In Beverage Systems of the Carolinas, LLC v. Associated Beverage Repair, LLC, 2016 WL 1084117 (N.C. Supreme Court Mar. 18, 2016), the North Carolina Supreme Court reiterated the adoption of the “‘strict blue pencil’ doctrine under which a court cannot rewrite a faulty covenant not to compete but may enforce a divisible and reasonable portion of the covenant while striking the unenforceable portions.” Id. at *2. In Beverage Systems, the agreement for the sale of a business contained a five year restriction on competition throughout North and South Carolina. The Court found that the covenant was too broad because when written the company did not operate “in large swaths of the area covered in the Agreement.” Id. at *4.
A restriction is only reasonable to the extent it protects the legitimate interests of the company. See, e.g., Noe v. McDevitt, 228 N.C. 242, 245, 45 S.E. 2d 121, 123 (1947) (finding geographic scope unreasonable when it was broader than the area where the company operated).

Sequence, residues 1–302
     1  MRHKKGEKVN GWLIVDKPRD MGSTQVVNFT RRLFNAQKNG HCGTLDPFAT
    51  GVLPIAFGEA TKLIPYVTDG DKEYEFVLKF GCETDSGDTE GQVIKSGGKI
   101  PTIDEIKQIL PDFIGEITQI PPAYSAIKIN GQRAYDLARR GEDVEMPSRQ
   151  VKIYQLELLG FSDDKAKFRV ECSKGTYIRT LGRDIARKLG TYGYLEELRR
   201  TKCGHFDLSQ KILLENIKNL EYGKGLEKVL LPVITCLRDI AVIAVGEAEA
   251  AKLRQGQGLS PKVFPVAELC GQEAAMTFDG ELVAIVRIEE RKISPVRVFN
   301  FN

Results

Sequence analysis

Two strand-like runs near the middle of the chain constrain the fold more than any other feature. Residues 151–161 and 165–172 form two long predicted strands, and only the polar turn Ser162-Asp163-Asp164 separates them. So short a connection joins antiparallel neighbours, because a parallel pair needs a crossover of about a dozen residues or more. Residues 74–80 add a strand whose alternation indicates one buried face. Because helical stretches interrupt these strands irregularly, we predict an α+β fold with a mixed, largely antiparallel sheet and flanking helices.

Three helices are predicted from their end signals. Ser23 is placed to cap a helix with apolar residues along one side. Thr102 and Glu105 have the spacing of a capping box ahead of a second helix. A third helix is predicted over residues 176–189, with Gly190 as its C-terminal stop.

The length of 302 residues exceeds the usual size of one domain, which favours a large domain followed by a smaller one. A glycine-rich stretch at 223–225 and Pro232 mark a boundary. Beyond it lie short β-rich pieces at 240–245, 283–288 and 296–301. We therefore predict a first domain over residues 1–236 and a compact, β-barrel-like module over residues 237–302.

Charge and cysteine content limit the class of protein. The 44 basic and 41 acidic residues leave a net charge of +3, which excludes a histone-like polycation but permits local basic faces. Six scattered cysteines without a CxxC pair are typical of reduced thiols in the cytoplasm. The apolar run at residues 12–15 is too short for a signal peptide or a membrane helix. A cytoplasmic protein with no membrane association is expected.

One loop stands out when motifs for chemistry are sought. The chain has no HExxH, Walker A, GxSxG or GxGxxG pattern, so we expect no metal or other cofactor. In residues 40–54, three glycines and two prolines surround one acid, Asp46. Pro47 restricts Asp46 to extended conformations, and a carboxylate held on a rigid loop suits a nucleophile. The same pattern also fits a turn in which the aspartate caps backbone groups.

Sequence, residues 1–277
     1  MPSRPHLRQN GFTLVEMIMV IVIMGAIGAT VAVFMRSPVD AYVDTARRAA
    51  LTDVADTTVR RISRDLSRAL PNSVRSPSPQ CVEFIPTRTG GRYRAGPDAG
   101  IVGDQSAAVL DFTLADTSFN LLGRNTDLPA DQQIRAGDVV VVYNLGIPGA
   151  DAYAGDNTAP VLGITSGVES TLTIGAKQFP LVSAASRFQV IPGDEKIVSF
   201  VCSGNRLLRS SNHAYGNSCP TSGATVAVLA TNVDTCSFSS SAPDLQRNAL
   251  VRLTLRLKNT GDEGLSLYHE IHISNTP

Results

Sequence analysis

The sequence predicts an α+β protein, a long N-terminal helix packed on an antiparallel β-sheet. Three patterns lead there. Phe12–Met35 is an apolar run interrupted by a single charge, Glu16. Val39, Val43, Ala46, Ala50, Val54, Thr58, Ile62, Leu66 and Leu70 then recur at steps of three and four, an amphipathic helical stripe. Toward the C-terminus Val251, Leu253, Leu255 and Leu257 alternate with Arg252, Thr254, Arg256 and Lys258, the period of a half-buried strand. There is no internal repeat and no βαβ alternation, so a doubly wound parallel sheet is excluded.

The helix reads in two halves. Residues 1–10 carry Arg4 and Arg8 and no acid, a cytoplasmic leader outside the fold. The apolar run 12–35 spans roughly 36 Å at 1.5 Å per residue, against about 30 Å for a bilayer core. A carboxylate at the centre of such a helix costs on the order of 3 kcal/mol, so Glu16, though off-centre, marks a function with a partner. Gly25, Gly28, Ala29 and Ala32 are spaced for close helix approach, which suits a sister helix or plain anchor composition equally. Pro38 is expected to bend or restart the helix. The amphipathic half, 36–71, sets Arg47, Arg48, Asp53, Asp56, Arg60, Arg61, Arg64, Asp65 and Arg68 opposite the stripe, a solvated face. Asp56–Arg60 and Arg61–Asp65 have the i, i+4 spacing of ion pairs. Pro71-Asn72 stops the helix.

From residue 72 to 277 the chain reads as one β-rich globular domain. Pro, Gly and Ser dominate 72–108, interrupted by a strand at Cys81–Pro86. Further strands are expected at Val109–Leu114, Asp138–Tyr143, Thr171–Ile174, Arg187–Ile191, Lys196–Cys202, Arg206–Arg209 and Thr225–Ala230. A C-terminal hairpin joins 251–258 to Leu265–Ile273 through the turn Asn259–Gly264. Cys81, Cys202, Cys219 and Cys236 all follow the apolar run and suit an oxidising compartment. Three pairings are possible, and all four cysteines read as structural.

None of this is remarkable or precedent setting. What makes Beverage Systems noteworthy is that the Agreement expressly provided that the court could reform any provision in order to make it enforeable. That provision, however, could not save the overbroad agreement. As the Court put it: the “parties cannot contract to give the court power that it does not have.” Id. at *5. The Court saw “nothing but mischief in allowing” the agreement to assign to the court the role of drafting an enforceable agreement to which it believes the parties would agree.
The bottom line is that a covenant not to compete will stand or fall on the reasonableness of its scope and unless an overbroad provision can be saved through the use of “strict blue penciling” it will not be enforced. Case law provides clear guidance on the allowable scope and stretching the agreement beyond what is necessary for legitimate business purposes will cause the entire agreement to fail.